On the economy front, this week brought the Citigroup bailout and the addition of Paul Volker and Austan Goolsbee to Obama’s new Economic Recovery Advisory Board. Meanwhile, across America, people and businesses are cinching their belts.
Adrian Lai in NYC spotted this “Recession Sale” on the streets of the Big Apple:
[thedrun / Flickr]
No health insurance after 11/30.
Checks for the current pay period, accrued vacation, and one extra week. […]
Five weeks before Christmas, kids who need food and health insurance, a husband who is just as close to his doctorate as I once was to mine.
There might be a better word for how I’m feeling right now than “failure,” but I can’t come up with it.
I feel the economic decline personally. The appreciation in the value of my house over the past eight years is now gone. The house is worth about what I paid for it. I always figured I’d sell it for a good profit and use the money to move to a saner locale than California. That plan is kaput.
The company I work for is losing their ass in this economy and so cut back my hours from 40 per week to 24. They continue to hemorrhage money and I’m fairly certain my 24 hours will be cut back to zero soon. I am looking for other work but it’s a tough market.
Marie from Portland, Oregon, is mother of three and wife of a stay-at-home dad. The economy and her 401K are “stressing [her] out,” and she’s worried about her job. She’s in charge of publications for an environmental consulting company that just had its “first-ever massive, all-in-one-day layoffs.”
When I say “massive,” I have to put it into perspective. It doesn’t compare with the scale of what financial, manufacturing, or high-tech firms experience. But massive for our employee-owned, founded-in-Oregon, people-oriented company. Yesterday around 1% of our workforce was laid off. […]
I have faith in the leaders of our company; I know that they had to take drastic action to protect the firm during this difficult economy. Just 6 months ago we were in a period of massive growth, and now our outlook is flat. As our incoming CEO said recently, “flat is the new good.” […]
Now that the dust is settling and we who are left have learned who is now gone […], we have learned that we are all at risk. All we can do is work as hard as we can, play well with others, and do our best to be valuable employees. And deal with the survivor guilt.
Kara is a “thirty-ish” teacher in California, and she and her self-employed husband/partner count on her paycheck for reliable income and health insurance. They’re worried that Kara might lose her job and have been thinking pre-emptively about how to mitigate the fallout:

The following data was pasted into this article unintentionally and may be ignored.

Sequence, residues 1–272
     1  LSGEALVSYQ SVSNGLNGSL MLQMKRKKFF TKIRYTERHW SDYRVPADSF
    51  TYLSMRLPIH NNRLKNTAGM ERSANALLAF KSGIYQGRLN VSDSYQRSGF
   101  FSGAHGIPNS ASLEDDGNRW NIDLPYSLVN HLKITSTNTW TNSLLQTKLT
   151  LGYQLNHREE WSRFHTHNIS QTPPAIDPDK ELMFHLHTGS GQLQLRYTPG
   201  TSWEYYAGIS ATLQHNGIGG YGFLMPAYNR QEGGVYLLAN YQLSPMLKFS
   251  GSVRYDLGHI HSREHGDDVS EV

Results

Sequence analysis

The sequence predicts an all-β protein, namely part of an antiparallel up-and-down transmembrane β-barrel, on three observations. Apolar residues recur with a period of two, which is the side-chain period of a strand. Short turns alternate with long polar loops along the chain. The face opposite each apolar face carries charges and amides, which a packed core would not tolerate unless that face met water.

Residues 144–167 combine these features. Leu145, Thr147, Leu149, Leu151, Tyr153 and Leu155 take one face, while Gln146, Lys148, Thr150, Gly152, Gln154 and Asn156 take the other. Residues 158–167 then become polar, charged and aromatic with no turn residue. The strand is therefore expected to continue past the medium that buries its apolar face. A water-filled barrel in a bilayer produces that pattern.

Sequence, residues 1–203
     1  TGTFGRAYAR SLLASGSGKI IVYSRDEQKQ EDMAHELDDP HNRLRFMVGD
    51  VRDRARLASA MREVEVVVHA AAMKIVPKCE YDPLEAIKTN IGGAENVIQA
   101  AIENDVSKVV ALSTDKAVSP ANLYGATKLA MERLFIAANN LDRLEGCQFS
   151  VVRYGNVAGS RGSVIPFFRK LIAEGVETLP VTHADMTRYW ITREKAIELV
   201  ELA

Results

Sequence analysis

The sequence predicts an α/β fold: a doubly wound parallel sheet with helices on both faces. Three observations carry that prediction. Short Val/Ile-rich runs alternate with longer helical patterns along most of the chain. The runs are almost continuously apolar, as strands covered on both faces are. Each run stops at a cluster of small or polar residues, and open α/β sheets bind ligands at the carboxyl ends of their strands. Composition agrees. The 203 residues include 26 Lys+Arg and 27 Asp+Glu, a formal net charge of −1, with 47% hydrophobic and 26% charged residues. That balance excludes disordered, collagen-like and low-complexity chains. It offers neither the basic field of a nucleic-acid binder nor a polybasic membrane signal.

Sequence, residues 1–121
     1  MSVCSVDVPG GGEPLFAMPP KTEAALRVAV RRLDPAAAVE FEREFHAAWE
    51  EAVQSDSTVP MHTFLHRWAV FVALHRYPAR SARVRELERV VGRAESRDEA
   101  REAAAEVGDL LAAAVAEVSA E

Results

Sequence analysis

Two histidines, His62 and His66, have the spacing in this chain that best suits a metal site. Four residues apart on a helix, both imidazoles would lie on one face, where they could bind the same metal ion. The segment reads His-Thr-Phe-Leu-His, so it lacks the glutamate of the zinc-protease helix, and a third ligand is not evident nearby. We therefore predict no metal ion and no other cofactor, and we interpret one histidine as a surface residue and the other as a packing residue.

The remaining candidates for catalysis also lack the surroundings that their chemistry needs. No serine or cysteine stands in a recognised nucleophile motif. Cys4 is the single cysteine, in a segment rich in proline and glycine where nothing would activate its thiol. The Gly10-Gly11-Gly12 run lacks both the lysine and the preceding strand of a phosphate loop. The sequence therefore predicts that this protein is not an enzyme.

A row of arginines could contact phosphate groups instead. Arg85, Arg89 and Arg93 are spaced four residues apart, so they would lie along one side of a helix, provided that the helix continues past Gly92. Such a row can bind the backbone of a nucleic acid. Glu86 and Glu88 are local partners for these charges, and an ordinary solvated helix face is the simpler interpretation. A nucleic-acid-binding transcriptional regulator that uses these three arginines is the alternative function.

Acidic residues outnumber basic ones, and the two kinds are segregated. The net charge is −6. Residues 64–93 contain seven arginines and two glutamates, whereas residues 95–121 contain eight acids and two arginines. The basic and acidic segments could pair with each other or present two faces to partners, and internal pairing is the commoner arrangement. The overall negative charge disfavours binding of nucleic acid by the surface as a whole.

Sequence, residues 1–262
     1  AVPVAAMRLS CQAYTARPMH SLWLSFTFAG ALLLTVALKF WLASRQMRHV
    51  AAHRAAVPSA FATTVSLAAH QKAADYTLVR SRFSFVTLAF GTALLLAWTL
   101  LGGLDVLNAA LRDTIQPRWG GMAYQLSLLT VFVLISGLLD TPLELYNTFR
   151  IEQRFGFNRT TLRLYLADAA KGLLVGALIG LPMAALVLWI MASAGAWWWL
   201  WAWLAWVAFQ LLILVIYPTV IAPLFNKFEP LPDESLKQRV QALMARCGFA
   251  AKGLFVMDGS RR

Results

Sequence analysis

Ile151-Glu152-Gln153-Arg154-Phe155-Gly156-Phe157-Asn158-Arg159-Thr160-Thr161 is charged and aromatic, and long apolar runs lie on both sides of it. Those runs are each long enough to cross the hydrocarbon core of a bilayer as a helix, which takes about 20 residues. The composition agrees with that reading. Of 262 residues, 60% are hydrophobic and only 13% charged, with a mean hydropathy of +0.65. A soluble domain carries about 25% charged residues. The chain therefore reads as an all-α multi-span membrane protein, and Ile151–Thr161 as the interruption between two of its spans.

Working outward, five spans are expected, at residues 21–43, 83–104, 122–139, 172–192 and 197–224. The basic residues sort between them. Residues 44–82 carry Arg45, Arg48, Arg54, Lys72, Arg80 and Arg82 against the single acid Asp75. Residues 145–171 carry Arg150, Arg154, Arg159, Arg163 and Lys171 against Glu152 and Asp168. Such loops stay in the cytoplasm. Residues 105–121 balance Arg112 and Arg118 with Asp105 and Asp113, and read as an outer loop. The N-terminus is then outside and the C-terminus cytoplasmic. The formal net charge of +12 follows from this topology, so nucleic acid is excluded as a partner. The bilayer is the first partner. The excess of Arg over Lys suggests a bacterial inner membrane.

[W]e discussed, last night, what I would do if I lost my job - in kind of a humorous way because that was the only way we could muster the topic. We also talked about the cutbacks we have recently made so we won’t feel blindsided *if* or rather when the other shoe drops.
We stopped the LA times (boo hoo), Netflix (super boo-hoo) and I phoned AT&T to ask about a few unexplained charges and got them to change our long distance plan, resulting in a $30.00 monthly decrease. I would also like to share with you that I am no longer using my $25 a bottle shampoo and $25 a bottle conditioner and this is probably where I feel the tightening in the belt the most - on my head, resulting in tangles. OUCH.
Today, instead of Starbucks I stopped at 7-11, where I purchased a grande size coffee, pack of gum, some hostess crumb doughnuts and 2 packs of gum all for 5 bucks. Usually, I make coffee at work but today I needed a treat. Oh and I bring my lunch to work, every day - usually last night’s leftovers.
Twenty-two-year-old Abby has been following the economic crisis on the radio on her way to and from work. She gets free room and board from her parents and feels “SOOO sheltered from this crisis.” She wishes she could do something to help other people.
In addition to feeling powerless, I also feel the urge to SAVE SAVE SAVE, and the selfish notion to make sure that I am financially secure in the future. I’m sure that a lot of people feel the same way, and that’s really sad. Because when times are tough, it’s even more important that we help those in need.
I’m going to really keep that in mind while doing my holiday shopping this year and try to consume in a way that will help others. Maybe I’ll buy my family an animal from the Heifer Project instead of traditional gifts. Or maybe I’ll make sure that I buy fair trade wares. I’m not sure yet, but I want to do something unselfish. I’m open to any and all suggestions.
A healthy pre-New Year’s resolution.tags 2008 CA economy families healthcare jobs NH NY OR postelection transition wallstreet